The Conqueror's victory would have profited us nothing if the battle had been fought outside our human condition.
CHESAPEAKE, Va. (Catholic Online) - One of the great gifts that we have,especially as Catholic Christians, is the rich Tradition of the Church. We stand on the shoulders of giants - men and women who, in ages past, stayed faithful to the deposit of faith entrusted to them by the Holy Spirit by defending it against attack and proclaiming it in word and in deed.
Pope Saint Leo I is only one of two Popes to be called "the Great."However, it seems apparent to many, myself included, that he will soon be joined by the late Servant of God, John Paul II in that esteemed group. Just as the faithful affirmed this title in their esteem and affection for Leo, they have done and are doing the same for John Paul II.
Leo was a deacon who served the church in Rome. He was chosen from among the faithful to fill the Chair of Peter in 440 AD. Among the grave threats to orthodox teaching in those days was a form of rigorism which was to bear the name of its exponent, Pelagius. Pelagius basically denied the necessity of grace for salvation, claiming that though it was present and available to men and women, it was like a bonus of sorts, given in payment to those who really earned it. Leo knew that to allow such an error to spread among the faithful would threaten the very heart of the Christian claim and cause real confusion and spiritual illness throughout the whole Church.
He was a strong teaching Pope who defended the full divinity AND the full humanity of Jesus Christ, the heart of the Incarnation. In fact, it was Leo's "Tome" (449)which was read aloud at the Council of Chalcedon (451) and became the foundation of the extraordinarily important theological and doctrinal expression of that great Council, the dogmatic definition that Jesus Christ was One Divine Person with two natures. Jesus Christ was - and is - both fully human and fully divine.
Pope Leo served the Church, and the world into which she was sent during the middle of the fifth century, with courage and deep conviction. This was a time of brutal warfare with the barbarian armies who were eviscerating the armies of Rome. The empire was in a state of collapse. There was a deep emptiness within the people giving rise to a hunger for true leadership and direction. Leo stood For the Lord Jesus Christ and on behalf of the people, advocating for both their spiritual and physical needs. He was deeply loved by them for it and viewed as a rock of courage. Among his acts of heroism, he persuaded Attila the Hun not to invade Rome and defended the people through his dialogue with the Vandals who would only a few years after seek their harm. Clearly, Pope St. Leo was "the Great". Here is an Advent reflection from him:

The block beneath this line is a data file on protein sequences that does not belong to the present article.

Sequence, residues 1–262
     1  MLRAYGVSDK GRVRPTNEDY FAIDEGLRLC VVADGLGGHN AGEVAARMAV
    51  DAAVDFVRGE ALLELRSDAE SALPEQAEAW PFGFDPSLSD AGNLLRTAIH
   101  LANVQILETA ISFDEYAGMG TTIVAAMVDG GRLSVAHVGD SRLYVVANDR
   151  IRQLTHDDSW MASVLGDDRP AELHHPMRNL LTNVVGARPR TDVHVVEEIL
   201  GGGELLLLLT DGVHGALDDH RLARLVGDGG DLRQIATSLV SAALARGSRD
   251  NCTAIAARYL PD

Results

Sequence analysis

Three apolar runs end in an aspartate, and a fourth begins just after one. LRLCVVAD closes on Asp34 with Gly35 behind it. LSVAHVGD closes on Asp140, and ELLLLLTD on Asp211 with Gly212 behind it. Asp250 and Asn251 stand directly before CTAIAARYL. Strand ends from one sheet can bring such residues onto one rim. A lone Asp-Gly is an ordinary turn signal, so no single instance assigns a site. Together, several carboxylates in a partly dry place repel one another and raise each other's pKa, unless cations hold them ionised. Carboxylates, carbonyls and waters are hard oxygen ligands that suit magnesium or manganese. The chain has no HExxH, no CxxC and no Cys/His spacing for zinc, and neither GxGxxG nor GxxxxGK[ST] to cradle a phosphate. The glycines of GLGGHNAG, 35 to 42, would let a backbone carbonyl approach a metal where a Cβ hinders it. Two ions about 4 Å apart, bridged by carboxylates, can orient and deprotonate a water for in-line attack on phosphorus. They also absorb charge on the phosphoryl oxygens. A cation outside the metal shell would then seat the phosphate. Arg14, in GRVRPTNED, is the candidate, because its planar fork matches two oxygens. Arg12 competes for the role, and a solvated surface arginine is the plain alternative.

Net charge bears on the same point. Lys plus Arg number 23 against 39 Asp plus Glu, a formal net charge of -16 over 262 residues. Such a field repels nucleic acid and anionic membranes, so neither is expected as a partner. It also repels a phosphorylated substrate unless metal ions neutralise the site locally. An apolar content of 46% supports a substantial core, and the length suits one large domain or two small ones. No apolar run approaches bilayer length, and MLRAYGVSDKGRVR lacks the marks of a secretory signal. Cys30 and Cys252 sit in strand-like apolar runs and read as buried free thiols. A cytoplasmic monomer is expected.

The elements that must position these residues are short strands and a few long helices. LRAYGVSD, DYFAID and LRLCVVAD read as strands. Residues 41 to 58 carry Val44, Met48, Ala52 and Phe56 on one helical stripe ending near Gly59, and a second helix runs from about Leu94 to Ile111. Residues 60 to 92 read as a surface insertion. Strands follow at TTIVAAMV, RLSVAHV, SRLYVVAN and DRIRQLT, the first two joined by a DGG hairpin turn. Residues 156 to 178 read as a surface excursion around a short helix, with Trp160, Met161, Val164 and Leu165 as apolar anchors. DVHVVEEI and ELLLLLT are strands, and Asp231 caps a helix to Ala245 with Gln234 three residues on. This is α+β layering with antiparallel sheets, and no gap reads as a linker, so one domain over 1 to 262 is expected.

The mystery of our reconciliation with God
To speak of our Lord, the son of the Blessed Virgin Mary, as true and perfect man is of no value to us if we do not believe that he is descended from the line of ancestors set out in the Gospel.
Matthew's gospel begins by setting out the genealogy of Jesus Christ, son of David, son of Abraham, and then traces his human descent by bringing his ancestral line down to his mother's husband, Joseph. On the other hand, Luke traces his parentage backward step by step to the actual father of mankind, to show that both the first and the last Adam share the same nature.
No doubt the Son of God in his omnipotence could have taught and sanctified men by appearing to them in a semblance of human form as he did to the patriarchs and prophets, when for instance he engaged in a wrestling contest or entered into conversation with them, or when he accepted their hospitality and even ate the food they set before him. But these appearances were only types, signs that mysteriously foretold the coming of one who would take a true human nature from the stock of the patriarchs who had gone before him.
No mere figure, then, fulfilled the mystery of our reconciliation with God, ordained from all eternity. The Holy Spirit had not yet come upon the Virgin nor had the power of the Most High overshadowed her, so that within her spotless womb Wisdom might build itself a house and the Word become flesh. The divine nature and the nature of a servant were to be united in one person so that the Creator of time might be born in time, and he through whom all things were made might be brought forth in their midst.
For unless the new man, by being made in the likeness of sinful flesh, had taken on himself the nature of our first parents, unless he had stooped to be one in substance with his mother while sharing the Father's substance and, being alone free from sin, united our nature to his, the whole human race would still be held captive under the dominion of Satan. The Conqueror's victory would have profited us nothing if the battle had been fought outside our human condition.
But through this wonderful blending the mystery of new birth shone upon us, so that through the same Spirit by whom Christ was conceived and brought forth we too might be born again in a spiritual birth; and in consequence the evangelist declares the faithful to have been born not of blood, nor of the desire of the flesh, nor of the will of man, but of God.
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